The reality of transfer payments

As we explored in a previous post,  transfer payments are highest in America’s small towns, not its big metros. The same is true of government employment earnings. And the reverse is true for private sector employment earnings. Each contrary to conventional wisdom, which views small town America as the home of the self reliant, and big metro America as the center of big government America. Wrong!

The New York Times recently published two important article on transfer payments that are highly recommended. For both look at the data that go with the articles. The first entitled “Even Critics of Safety Net Increasingly Depend on It” is a terrific overview of who actually receives transfer payments, how at their current level they are unsustainable (requiring some combination of benefit cuts and tax increases) and the complicated politics of transfer payments. The article includes an interactive map – which I highly recommend you explore especially the Michigan data – detailing the proportion of personal income that comes from transfer payments for every county in the country. The interactive map can be found here.

The article describes the reality of transfer payments this way:

Almost half of all Americans lived in households that received government benefits in 2010, according to the Census Bureau. The share climbed from 37.7 percent in 1998 to 44.5 percent in 2006, before the recession, to 48.5 percent in 2010. The trend reflects the expansion of the safety net. When the earned-income credit was introduced in 1975, eligibility was limited to households making the current equivalent of up to $26,997. In 2010, it was available to families making up to $49,317. The maximum payout, meanwhile, quadrupled on an inflation-adjusted basis.

It also reflects the deterioration of the middle class. Chisago (a Minnesota county featured in the article) boomed and prospered for decades as working families packed new subdivisions along Interstate 35, which runs up the western edge of the county like a flagpole with its base set firmly in Minneapolis. But recent years have been leaner. Per capita income in Chisago excluding government aid fell 6 percent on an inflation-adjusted basis between 2000 and 2007. Over the next two years, it fell an additional 7 percent. Nationally, per capita income excluding government benefits fell by 3 percent over the same 10 years.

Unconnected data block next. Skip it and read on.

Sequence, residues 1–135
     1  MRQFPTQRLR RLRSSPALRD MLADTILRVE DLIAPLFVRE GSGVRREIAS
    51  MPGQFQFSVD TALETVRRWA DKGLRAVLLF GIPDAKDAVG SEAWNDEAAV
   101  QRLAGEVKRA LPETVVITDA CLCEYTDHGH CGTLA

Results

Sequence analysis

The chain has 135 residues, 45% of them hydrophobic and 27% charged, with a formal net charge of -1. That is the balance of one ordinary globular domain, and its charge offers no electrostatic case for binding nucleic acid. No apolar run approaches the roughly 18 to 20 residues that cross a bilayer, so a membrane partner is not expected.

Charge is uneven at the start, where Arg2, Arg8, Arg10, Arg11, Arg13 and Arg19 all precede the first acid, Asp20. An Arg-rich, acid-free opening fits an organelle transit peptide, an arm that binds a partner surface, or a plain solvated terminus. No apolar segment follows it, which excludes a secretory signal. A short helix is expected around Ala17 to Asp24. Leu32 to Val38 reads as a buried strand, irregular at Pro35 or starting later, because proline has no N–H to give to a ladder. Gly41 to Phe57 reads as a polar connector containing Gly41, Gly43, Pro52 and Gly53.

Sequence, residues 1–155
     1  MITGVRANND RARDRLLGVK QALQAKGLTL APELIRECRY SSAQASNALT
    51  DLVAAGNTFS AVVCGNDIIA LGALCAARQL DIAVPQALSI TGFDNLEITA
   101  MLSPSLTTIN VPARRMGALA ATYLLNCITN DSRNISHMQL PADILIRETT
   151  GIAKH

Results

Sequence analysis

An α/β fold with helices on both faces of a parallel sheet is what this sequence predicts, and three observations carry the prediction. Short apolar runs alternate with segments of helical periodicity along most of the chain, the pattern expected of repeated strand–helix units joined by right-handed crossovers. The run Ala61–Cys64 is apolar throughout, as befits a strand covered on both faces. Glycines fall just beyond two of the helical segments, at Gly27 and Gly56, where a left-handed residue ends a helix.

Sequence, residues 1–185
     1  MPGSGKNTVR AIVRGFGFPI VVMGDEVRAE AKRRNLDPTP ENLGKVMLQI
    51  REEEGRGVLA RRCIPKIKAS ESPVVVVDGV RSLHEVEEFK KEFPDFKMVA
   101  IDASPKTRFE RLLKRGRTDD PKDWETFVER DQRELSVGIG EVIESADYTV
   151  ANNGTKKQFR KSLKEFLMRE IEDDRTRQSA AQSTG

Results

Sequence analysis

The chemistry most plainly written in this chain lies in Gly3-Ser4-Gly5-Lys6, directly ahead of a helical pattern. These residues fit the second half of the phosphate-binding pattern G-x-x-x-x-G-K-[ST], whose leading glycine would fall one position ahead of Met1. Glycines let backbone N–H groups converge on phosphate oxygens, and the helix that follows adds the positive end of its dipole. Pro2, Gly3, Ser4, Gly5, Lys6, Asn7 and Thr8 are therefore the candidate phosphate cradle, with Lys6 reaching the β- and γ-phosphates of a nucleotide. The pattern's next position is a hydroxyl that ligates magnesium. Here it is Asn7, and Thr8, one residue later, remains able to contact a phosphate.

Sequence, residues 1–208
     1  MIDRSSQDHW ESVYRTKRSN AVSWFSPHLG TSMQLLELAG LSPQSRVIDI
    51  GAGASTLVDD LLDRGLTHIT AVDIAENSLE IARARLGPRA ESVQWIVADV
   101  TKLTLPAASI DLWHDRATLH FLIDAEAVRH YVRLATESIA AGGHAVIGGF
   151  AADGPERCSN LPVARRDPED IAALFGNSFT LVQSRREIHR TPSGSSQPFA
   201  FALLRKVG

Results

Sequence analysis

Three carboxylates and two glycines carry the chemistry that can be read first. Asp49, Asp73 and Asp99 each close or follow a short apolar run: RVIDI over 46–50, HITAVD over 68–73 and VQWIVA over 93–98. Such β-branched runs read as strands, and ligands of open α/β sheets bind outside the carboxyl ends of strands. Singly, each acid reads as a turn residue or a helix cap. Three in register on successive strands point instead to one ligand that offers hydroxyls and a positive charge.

The second Times article summarizes new data from the the Center on Budget and Policy Priorities on who receives transfer payments. The bottom line: overwhelmingly white, middle class and older Americans. Most surprising to me is: “African-Americans, who make up 22 percent of the poor, receive 14 percent of government benefits, close to their 12 percent population share. White non-Hispanics, who make up 42 percent of the poor, receive 69 percent of government benefits – again, much closer to their 64 percent population share.” Once again spend some time looking at the data table that is part of the article.

Derek Melot the editor of Bridge explored the Times’ interactive map and wrote an insightful column on the geography of transfer payments in Michigan. Melot lists the proportion of income coming from transfer payments in some of Michigan’s northern counties compared to those in Michigan’s big metros. I’m sure it would surprise most the 40% or more in many counties Up North compared to 28% in Wayne and 31% in Genesee. All way too high, but hardly the urban poor in places like Detroit and Flint are taking all of our hard earned money story we tell ourselves over and over again.

The new reality as Melot writes is: “A trend receiving too little coverage in Michigan these days is the growing outlook gap between urbanized Michigan and rural Michigan. In a 21st century economy, job creation is dominated by urbanized areas. What happens to rural areas if jobs fade away? One answer is that rural areas get older — and as they get older, they get more dependent on federal benefit programs for the elderly.”

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